Make WordPress Core

Opened 10 years ago

Closed 8 years ago

Last modified 7 years ago

#30353 closed defect (bug) (wontfix)

Update Hello Dolly to current standards

Reported by: pbearne's profile pbearne Owned by:
Milestone: Priority: normal
Severity: normal Version: 2.0
Component: General Keywords: has-unit-tests has-patch
Focuses: administration Cc:


The Hello Dolly plugin hasn't had any love for a while so now is not coded to current standards

Adding late esc'ing.
Adding translation so translators can add a string that makes sense in that language.
Added Unit testing as example.
Update readme
version bump

This may not be the version bundled into core but he version in plugin repo could use this

Attachments (1)

30353.patch (12.3 KB) - added by pbearne 10 years ago.
Patch for new version

Download all attachments as: .zip

Change History (18)

10 years ago

Patch for new version

#2 @joedolson
10 years ago

  • Focuses accessibility removed

#3 @pbearne
10 years ago

  • Keywords has-unit-tests has-patch added

#4 @nacin
10 years ago

This was done as a test ticket for WordCamp Toronto. As explained to pbearne earlier this week, this isn't something we're going to accept into core. Hello Dolly is a simple plugin, about as simple as it can get, and doesn't need any changes beyond #30120. It's still cool what could be done with it, though.

#5 @pbearne
10 years ago

it might be worth pulling out the a11n to improve usability

    $chosen = hello_dolly_get_lyric(); 
    printf( '<p id="dolly"><span class="screen-reader-text">%s </span>%s</p>', 
	 _x( 'A random lyric from Hello, Dolly by Louis Armstrong: ','hello-dolly', 'a11n aria-label' ), 
         esc_html( $chosen ) ); 

#6 @DrewAPicture
10 years ago

#30120 was marked as a duplicate.

#7 @swissspidy
9 years ago

  • Keywords close added

#8 @pbearne
9 years ago

We do need to kick matt into sorting this as it has become a joke !!

Last edited 9 years ago by pbearne (previous) (diff)

#9 @jeffmcneill
8 years ago

Can the plugin at least be removed from core? That way someone wanting to updated it could. Really this has gone on long enough, and I ain't the only one who thinks so. Make Wordpress better by removing Hello Dolly. Please. For the love of all things good.

#10 @lukecavanagh
8 years ago

Its one of the first default plugins, that you normally remove on a client dev site. Along with sample page, dummy comment and dummy post and update permalinks.

#11 @jeffmcneill
8 years ago

Yes, but there are problems it is causing that the default page, post and comment are not:

  • It is not being updated often or much, because to do so is an update to CORE which people don't want to do (see comments on tickets for hello dolly)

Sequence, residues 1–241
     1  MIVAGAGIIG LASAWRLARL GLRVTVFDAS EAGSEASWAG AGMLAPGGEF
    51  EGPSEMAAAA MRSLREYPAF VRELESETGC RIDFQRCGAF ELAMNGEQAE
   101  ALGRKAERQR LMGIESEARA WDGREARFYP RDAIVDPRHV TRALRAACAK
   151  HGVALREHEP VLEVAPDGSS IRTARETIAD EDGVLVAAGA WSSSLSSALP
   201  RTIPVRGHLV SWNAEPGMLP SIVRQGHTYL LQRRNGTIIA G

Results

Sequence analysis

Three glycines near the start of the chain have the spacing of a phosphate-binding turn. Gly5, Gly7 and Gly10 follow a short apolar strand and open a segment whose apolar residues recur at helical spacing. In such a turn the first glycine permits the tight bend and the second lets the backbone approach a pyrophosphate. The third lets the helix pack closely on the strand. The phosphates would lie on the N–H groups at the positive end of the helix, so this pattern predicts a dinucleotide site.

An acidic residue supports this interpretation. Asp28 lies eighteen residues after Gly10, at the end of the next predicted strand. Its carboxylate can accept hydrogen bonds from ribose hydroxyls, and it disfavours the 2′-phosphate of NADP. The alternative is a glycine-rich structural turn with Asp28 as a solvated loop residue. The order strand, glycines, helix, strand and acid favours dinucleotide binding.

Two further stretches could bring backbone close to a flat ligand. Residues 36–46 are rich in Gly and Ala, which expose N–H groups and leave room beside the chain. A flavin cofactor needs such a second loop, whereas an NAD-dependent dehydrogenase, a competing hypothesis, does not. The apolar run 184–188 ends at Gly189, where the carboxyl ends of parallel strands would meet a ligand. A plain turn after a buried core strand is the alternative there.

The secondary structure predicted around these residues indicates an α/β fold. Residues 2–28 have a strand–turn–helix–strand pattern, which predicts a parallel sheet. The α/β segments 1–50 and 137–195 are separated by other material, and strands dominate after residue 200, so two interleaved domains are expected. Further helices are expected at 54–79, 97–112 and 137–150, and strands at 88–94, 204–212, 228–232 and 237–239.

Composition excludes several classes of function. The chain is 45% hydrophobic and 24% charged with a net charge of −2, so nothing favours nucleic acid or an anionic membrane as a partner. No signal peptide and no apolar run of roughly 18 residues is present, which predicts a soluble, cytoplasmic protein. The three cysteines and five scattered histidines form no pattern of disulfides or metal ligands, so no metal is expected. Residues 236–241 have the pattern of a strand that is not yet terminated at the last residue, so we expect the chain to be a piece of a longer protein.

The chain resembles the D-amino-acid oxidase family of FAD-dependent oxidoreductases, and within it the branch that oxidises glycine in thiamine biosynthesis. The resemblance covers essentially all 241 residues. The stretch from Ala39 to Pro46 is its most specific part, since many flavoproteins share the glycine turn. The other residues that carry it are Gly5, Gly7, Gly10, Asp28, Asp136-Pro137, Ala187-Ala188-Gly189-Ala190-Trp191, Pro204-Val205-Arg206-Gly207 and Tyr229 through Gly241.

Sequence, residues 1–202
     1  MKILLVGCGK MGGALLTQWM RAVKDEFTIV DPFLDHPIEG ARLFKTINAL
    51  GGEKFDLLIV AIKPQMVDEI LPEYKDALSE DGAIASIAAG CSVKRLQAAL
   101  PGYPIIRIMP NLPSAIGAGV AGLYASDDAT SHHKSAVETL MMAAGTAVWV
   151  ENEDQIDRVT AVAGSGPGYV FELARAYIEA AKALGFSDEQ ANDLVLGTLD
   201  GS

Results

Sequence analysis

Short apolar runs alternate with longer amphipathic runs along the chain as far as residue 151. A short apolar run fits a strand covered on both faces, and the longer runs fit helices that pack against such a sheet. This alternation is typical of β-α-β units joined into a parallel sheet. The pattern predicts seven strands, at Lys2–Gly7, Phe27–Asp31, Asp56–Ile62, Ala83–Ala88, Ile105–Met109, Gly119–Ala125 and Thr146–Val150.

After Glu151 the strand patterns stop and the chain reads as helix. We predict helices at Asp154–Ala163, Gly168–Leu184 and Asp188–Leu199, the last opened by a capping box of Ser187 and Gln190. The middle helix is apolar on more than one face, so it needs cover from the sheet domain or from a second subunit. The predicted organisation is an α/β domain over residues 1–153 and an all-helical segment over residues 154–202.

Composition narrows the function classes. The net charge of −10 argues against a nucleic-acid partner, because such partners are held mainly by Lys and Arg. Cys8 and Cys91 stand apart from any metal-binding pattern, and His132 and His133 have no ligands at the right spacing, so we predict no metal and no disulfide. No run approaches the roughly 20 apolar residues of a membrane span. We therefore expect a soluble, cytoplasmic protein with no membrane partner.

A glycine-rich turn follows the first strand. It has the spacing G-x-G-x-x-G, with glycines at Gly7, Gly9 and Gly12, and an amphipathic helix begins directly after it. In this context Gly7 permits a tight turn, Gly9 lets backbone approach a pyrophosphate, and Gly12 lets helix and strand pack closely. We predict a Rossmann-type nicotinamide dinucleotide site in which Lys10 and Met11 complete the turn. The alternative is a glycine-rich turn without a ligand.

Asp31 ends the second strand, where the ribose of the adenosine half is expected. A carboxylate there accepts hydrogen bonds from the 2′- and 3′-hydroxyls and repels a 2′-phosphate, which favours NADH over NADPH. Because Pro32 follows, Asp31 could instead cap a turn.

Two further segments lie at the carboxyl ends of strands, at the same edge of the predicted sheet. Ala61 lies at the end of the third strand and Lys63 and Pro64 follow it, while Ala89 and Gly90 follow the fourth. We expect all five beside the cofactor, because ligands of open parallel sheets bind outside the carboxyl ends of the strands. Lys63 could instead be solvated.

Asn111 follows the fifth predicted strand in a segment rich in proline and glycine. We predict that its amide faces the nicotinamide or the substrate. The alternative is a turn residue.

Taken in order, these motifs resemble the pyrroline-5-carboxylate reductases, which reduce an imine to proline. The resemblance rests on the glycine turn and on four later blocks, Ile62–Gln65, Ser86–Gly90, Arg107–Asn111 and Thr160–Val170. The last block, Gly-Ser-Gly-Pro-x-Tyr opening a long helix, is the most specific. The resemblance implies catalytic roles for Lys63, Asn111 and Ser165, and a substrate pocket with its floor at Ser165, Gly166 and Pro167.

• It causes problems with SVN updates if it is removed (at least in the past it has)
  • It can still exist as a plugin for people to use/test (and it would be better if that plugin were updated, to show people what a current plugin should look like), so the argument people like/want to use it, they are not being deprived
  • Unlike post/page/content it is not activated and so doesn't do anything unless enabled
  • Unlike Akismet it doesn't do anything useful

#12 @pbearne
8 years ago

I believe it is might to be the "Hello World" of plugins an example of how to create a plugin. And as such it now out of date hence the work we did on it at WordCamp Toronto

#13 @lukecavanagh
8 years ago

I agree, its the first plugin I delete on new site installs.

#14 @pento
8 years ago

  • Keywords close removed
  • Milestone Awaiting Review deleted
  • Resolution set to wontfix
  • Status changed from new to closed

@nacin's comment from a couple of years ago still stands - it doesn't need changes, because the point of it is to be as simple as possible. Unit tests are definitely outside of that "simple as possible" scope.

It's also not going to be removed, as it gives a very basic introduction to what the plugin screen looks like when you have a plugin installed encourages new users to see what happens when they activate a harmless plugin, and provides a bit of fun and personality to WordPress. For more adventurous users, it gives them some very simple code to delve into, learning how to create plugins for themselves.

Of course it will be removed by expert and professional WordPress developers - that's not necessarily the image you want to project when creating a client site. But there are many tools that will automatically remove it for you when you create your skeleton site, removing it from Core is wildly unnecessary for that.

#15 @jeffmcneill
8 years ago

  • Resolution wontfix deleted
  • Status changed from closed to reopened

The idea is not to remove the plugin from the plugin directory, but to remove it from core. None of its supposed benefits are harmed by being removed from core, and all of the problems with the plugin are in fact removed, when it is removed from core. If anyone cares about the community opinion on this, just take a browse through the reviews of this plugin. The reviews are so bad because people are forced to install this with core.

If anyone were to say "Hey, let's get this plugin into core" today, everyone would laugh. However, just because it was done historically, and lives on historically, doesn't make the historical fact any more justifiable. Time to move on!

#16 @dd32
8 years ago

  • Resolution set to wontfix
  • Status changed from reopened to closed

We won't be removing it from Core, or even relegating it to the Plugin Directory only.
The comments by Nacin and @pento above cover all that's needed here.

Discussion can continue without re-opening the ticket; a project lead can re-open this (or create a new ticket) if we ever decide to make a change here.

This ticket was mentioned in Slack in #polyglots by sergey. View the logs.

7 years ago

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